Submitted to: Aquaculture America Conference
Publication Type: Abstract Only
Publication Acceptance Date: 11/16/2010
Publication Date: 3/1/2011
Citation: Torrans, E.L., Ott, B.D. 2011. Improving Catfish Fry Survival. Aquaculture America Conference. P.117.
Interpretive Summary: NONE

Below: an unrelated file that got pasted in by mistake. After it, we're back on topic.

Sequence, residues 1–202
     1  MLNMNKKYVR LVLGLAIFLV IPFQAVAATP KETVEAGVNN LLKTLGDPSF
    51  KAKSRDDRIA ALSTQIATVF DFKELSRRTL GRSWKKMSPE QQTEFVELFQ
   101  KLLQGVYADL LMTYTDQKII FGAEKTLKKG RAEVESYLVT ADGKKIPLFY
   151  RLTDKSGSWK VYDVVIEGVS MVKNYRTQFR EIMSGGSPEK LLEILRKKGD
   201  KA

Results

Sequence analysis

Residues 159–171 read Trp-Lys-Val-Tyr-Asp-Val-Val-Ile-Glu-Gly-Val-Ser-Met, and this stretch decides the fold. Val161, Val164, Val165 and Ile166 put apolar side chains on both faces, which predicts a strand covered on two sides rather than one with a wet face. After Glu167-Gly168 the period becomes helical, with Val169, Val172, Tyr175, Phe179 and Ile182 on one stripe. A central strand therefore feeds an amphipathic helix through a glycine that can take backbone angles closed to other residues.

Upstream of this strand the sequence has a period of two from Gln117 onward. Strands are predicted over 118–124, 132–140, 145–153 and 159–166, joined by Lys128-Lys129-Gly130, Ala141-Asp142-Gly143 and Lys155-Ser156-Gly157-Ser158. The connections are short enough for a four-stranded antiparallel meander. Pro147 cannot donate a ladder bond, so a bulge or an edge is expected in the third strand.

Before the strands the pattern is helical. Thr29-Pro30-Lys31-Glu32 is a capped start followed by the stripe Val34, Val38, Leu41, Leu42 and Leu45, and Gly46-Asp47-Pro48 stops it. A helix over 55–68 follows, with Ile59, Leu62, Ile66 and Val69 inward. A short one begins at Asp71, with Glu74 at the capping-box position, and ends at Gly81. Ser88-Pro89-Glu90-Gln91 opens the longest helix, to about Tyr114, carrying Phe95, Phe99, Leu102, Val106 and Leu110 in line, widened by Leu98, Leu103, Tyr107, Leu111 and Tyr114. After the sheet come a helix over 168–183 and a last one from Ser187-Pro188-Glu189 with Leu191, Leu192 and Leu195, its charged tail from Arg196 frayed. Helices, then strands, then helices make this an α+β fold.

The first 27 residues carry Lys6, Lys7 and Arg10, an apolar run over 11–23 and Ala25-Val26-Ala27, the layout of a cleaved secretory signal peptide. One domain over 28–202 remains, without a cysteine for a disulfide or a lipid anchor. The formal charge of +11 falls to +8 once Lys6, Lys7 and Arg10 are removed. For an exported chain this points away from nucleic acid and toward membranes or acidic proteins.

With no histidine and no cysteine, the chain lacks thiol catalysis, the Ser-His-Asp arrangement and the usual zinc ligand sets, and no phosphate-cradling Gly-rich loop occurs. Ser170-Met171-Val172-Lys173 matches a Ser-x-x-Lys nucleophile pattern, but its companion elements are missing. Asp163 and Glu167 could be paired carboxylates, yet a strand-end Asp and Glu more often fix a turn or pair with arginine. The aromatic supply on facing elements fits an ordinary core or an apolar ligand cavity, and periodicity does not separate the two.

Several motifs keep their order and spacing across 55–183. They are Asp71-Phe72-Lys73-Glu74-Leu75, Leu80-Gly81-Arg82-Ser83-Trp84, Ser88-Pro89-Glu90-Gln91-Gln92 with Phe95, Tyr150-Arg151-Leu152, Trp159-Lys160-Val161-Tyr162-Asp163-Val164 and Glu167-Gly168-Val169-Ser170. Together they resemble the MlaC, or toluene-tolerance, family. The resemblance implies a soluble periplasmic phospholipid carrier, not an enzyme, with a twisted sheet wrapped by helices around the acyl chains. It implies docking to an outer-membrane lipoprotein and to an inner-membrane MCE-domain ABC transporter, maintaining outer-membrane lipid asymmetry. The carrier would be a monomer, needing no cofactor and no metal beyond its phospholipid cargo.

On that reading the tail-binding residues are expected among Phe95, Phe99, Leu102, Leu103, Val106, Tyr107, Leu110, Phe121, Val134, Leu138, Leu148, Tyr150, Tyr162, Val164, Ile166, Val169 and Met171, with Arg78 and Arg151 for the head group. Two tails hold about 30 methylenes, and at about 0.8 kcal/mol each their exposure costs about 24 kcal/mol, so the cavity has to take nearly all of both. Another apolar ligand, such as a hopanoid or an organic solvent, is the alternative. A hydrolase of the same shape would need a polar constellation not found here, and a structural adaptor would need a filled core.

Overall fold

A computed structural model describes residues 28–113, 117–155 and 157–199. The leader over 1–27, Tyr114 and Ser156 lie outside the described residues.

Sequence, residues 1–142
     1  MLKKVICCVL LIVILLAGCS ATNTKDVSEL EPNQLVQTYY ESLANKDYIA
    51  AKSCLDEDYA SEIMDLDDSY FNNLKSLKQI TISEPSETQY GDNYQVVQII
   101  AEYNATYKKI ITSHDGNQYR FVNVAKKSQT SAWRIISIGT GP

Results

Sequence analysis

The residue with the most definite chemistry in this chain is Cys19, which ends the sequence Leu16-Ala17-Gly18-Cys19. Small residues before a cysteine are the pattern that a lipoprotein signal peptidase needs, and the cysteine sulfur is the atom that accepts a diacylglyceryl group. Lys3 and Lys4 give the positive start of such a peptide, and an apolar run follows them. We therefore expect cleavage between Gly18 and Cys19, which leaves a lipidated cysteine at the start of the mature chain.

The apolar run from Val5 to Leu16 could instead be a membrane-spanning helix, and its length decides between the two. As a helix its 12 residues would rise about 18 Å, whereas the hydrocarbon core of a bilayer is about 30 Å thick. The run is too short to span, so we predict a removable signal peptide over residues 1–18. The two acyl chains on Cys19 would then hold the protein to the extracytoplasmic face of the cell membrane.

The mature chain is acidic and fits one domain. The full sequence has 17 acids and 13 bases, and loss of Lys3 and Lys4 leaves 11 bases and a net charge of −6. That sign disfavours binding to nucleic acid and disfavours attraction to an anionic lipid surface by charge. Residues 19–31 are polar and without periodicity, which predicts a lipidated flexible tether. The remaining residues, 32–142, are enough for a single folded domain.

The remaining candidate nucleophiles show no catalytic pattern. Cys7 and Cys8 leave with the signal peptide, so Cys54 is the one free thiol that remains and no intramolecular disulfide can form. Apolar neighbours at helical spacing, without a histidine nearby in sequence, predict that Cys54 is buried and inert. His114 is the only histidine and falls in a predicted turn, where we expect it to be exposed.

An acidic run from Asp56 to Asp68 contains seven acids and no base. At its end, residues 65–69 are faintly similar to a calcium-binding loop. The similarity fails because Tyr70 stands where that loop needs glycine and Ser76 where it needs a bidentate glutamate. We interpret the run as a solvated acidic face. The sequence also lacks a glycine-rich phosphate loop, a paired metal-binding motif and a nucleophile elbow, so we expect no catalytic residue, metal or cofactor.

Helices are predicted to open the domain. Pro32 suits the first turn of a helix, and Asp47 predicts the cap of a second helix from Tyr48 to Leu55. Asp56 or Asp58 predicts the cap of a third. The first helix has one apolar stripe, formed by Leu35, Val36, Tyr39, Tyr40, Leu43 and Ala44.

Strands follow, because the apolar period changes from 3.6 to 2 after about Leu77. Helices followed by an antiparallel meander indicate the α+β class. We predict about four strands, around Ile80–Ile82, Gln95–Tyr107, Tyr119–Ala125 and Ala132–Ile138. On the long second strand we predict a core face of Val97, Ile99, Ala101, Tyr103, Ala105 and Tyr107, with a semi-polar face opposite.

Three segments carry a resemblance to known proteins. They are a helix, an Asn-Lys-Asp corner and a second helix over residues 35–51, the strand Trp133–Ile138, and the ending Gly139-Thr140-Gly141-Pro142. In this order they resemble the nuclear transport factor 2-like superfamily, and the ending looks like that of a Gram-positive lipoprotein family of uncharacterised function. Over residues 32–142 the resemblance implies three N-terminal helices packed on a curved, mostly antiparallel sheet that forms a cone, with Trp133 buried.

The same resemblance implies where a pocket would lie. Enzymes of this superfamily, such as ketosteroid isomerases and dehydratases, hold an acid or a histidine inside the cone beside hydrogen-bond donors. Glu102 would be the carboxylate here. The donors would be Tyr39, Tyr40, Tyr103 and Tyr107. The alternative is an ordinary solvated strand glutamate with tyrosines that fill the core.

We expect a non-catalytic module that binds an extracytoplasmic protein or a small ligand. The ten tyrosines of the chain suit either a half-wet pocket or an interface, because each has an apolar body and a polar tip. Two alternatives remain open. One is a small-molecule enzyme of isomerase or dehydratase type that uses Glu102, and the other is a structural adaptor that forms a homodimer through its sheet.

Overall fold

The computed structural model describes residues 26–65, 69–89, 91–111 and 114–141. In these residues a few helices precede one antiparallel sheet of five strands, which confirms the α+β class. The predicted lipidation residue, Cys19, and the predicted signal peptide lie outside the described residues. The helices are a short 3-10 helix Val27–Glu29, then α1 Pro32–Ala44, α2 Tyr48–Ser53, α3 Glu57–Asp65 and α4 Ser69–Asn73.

Technical Abstract: Catfish hatchery management practices have improved considerably in recent years. Use of well water (rather than a pond reservoir) results in better temperature control and minimizes introduction of disease organisms. Several prophylactics which minimize pre-hatch losses are available. Increasing DO to air saturation or above increases survival in all stages of development from egg to fry. Two new incubators are in development that may greatly improve hatchery efficiency with both channel catfish and blue X channel catfish hybrids. Exchanging water in a transport tank is an established practice used to minimize temperature shock when stocking swim-up fry, and the effect of pH shock on stocked fry has recently been discovered. While most commercial catfish hatcheries are now relatively sophisticated operations, the weak link is fry pond management. Catfish produce large eggs and fry compared to many cultured species. While we typically see higher survival of catfish fry to fingerling stage than those of species with smaller eggs, catfish fry survival in ponds is still highly variable. Catfish fry readily accept artificial feed as soon as they absorb their yolk sacs, but due to limited space during the peak of the spawning season most hatcheries feed fry for only a few days before stocking them in ponds. In three weeks fry will begin to take small floating pellets from the surface, but their survival to that point is largely dependent on zooplankton that are poorly controlled by most farmers. The composition and density of the zooplankton bloom is critical for fry survival in ponds, and new fertilization practices that promote the desired zooplankton blooms and result in high and more uniform fry survival have been determined. A fertilization program can be implemented and ponds can be sampled daily for zooplankton, with swim-up fry being stocked in ponds with the best blooms. Zooplankton management, coupled with an insect control program, can produce more consistent fry survival in ponds but is not universally practiced. An alternative to the somewhat complicated fry pond zooplankton management techniques is to rear fry to a larger size before stocking them in ponds. In 2-3 weeks, fry maintained in confined culture systems can reach 1.5” in length, by which time they are immunocompetent, large enough to consume floating pellets, and have outgrown most insect predators. With higher and more consistent survival of these larger fish, pond stocking rates are more relevant and pond space can be utilized more efficiently. Raceway systems for advanced fry production have been successfully operated in Alabama for over 15 years. The use of large (0.15-acre) temporary net enclosures for production of advanced fry in ponds is being studied in Mississippi as an alternative where gravity-flow water is not available. As catfish hatcheries gradually shift to blue X channel catfish hybrids, with increased fry production cost, implementing an integrated management program for increased fry survival will be increasingly important.